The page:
A first novel
Jon is 15 and life is hard. Money is tight and Jon is trapped in a hopeless, miserable existence.
Then by chance, he meets someone who helps him to see things differently.
Despite girls, bullies, teachers, policemen, his mother and her violent boyfriend, Jon wants to survive. Once he finds Jimmy and Paul, he begins to take control of his life. He becomes an apprentice adult.
Charles Kimpton Publishers
Sep 2004. £6.
Greatly convincing, as far from patronising as possible. A worthwhile read.
Edward Malnick (age 15) Independent on Sunday
A cool book. This should get your teens reading.
15-year-old Jon struggles to find something worthwhile in his life. He is from a single parent family and hates school. Peter Inson used to be the headmaster of a comprehensive school in West London. He knows his stuff.
Anne Fairhall, National Association of Teachers of English
Kids can rely on “dunno” to provide a realistic account of childhood with language that they use and understand.
Peter Kennedy Willesden and Brent Times
As a magistrate who sits in the Adult Criminal Courts and the Family Proceedings Courts, I found this book extremely interesting and useful. Looking at the home situation, minor criminality and truancy from the point of view of the child was invaluable.
Claire Scargill JP NE Essex and Essex Family Panel
At the outset I would say that this book gripped me after the first few chapters and I finished it in three hours. Thank goodness that Jon meets someone who shows him there is a life other than crime! Youth court justices, who hopefully might understand the situations Jon gets himself into, should read this book. Indeed, I recommend it to all my fellow magistrates.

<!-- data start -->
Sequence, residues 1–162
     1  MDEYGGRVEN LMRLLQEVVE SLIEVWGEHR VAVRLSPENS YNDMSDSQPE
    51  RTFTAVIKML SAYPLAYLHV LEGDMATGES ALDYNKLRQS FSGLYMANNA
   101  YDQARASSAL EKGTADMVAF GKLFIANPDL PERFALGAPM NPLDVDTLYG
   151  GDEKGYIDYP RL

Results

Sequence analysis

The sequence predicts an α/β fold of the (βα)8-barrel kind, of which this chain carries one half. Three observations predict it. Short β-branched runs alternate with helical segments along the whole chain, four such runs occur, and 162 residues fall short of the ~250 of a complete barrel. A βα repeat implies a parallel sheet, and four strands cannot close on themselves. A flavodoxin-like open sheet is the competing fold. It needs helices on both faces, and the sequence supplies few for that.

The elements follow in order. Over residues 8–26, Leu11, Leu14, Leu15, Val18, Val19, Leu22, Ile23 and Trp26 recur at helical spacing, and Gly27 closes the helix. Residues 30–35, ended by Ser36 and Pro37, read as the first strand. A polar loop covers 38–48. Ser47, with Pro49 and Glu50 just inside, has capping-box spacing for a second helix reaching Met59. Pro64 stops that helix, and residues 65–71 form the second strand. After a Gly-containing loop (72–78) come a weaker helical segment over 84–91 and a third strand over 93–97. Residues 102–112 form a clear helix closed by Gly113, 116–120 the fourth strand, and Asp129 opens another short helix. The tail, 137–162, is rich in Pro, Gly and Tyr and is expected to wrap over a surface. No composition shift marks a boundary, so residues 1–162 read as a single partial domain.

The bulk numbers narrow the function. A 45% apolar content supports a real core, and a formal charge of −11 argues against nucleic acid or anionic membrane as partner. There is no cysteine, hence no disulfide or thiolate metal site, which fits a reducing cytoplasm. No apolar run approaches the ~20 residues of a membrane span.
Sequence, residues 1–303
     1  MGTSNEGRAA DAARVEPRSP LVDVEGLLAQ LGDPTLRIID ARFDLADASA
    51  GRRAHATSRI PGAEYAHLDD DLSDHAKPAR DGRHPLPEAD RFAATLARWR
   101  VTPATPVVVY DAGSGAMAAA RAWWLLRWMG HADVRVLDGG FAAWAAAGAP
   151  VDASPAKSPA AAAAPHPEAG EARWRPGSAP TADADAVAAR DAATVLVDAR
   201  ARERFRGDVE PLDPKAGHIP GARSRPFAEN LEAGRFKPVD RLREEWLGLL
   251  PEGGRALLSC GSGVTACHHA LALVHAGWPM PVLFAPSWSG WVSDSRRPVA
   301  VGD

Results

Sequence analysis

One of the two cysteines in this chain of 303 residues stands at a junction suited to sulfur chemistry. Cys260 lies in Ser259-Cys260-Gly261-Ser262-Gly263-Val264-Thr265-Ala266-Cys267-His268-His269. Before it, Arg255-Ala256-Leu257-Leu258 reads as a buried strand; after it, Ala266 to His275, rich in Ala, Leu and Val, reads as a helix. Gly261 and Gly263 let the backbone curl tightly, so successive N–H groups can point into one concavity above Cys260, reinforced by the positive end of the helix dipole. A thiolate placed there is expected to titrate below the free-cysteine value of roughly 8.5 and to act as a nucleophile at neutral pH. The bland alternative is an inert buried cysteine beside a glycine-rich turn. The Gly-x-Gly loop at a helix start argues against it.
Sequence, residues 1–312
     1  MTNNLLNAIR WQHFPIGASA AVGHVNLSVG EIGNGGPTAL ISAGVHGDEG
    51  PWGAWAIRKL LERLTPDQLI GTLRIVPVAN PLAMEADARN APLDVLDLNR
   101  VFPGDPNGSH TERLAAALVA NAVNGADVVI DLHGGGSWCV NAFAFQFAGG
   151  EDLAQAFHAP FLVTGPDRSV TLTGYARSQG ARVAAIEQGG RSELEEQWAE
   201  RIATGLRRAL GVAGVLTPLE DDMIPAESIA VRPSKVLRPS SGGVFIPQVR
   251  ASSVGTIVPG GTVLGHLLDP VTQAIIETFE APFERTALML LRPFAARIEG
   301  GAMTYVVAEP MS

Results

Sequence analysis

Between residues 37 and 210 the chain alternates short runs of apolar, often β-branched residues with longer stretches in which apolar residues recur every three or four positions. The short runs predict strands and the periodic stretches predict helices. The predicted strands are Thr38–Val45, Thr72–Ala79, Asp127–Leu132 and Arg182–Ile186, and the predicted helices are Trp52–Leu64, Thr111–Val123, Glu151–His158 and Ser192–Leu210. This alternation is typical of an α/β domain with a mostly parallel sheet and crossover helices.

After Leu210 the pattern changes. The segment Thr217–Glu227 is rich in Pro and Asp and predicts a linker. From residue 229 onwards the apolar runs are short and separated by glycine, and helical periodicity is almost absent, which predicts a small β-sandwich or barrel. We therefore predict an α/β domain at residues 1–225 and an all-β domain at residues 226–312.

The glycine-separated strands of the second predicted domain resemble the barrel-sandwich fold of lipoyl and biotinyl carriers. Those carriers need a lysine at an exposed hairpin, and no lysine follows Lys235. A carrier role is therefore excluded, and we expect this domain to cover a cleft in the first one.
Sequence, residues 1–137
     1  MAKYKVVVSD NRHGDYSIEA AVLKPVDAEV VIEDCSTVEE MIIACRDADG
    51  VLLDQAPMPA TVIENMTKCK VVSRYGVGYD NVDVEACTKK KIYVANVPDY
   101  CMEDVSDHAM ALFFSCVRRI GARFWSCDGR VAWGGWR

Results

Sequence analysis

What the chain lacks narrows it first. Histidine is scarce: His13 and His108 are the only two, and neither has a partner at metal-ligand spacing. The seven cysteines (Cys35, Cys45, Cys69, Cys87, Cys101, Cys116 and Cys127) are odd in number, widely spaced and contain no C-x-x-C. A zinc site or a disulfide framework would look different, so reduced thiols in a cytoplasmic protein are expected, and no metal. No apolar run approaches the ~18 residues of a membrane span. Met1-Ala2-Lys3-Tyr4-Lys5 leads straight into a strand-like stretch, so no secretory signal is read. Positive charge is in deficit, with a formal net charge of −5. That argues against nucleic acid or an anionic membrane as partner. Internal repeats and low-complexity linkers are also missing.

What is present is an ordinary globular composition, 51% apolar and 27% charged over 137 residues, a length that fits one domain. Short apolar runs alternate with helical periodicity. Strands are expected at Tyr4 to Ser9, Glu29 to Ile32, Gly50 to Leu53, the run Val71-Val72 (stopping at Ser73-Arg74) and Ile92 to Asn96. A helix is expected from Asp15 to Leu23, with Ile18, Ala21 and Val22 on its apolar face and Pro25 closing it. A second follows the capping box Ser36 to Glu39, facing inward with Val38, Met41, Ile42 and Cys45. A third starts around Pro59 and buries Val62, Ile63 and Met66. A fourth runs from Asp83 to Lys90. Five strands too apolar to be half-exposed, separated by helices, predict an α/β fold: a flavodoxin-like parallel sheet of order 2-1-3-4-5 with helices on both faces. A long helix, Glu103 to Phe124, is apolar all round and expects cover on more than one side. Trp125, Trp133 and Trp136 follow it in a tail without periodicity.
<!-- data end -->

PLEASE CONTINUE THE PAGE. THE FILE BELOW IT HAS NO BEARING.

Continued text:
Dr. Brian Denton JP. Magistrate October 2008
I’m glad dunno seems to be going so well. I finished it over the summer and was truly impressed. I enjoyed the story-line and the characters. I passed it on to Dave who also thought it was great. I don’t think he could quite believe it was a first novel of someone he knew!
Jenny Rowe Institute du Rosey, Switzerland
Fluent, engaging writing for adults and teenagers alike.
That’s what makes this an interesting novel. Jon is lost, but so are the adults — those who’d like to help him and those who couldn’t care less. It’s an all too-common story, no matter what side of the big pond you are on.
Young Adult Books Central, US
Ambitious and compassionate.
Books for Keeps
Very, very moving. I wanted my teenage sons to read it.
Sue Wardell, SilverDell Bookshop, Kirkham, Lancs – Independent Bookseller of the Year
dunno….a useful word in the life of fifteen year old Jon, helping him to escape the relentless and useless questioning of adults. Peter Inson’s book is an intense insight into how difficult teenage life can become. A great read for both teenagers and adults.
I came across this book completely by chance, and I am so glad I did. In fact I am putting a copy into the Retiring Rooms at both the Youth court and Family Court where I sit as I think all magistrates who deal with young people would benefit from reading it. Never patronising; the author doesn’t offer any hard and fast answers to Jon’s problems, just possibilities. The first novel I have come across which exposes the lives of those who live well below our radar, the underbelly of our society. A teenage book for adults, and an adult book for teenagers, it may open your eyes.
Herschelian – Magistrate’s Blog
I read “dunno” which was not only sold in the English book shops in Zurich, BUT in the little bookshops in St Andrews as well! I really enjoyed it! It was a real page turner and it was very exciting thinking that, not only do I KNOW the author, but he was my English teacher!
Katya Okun. Rosey graduate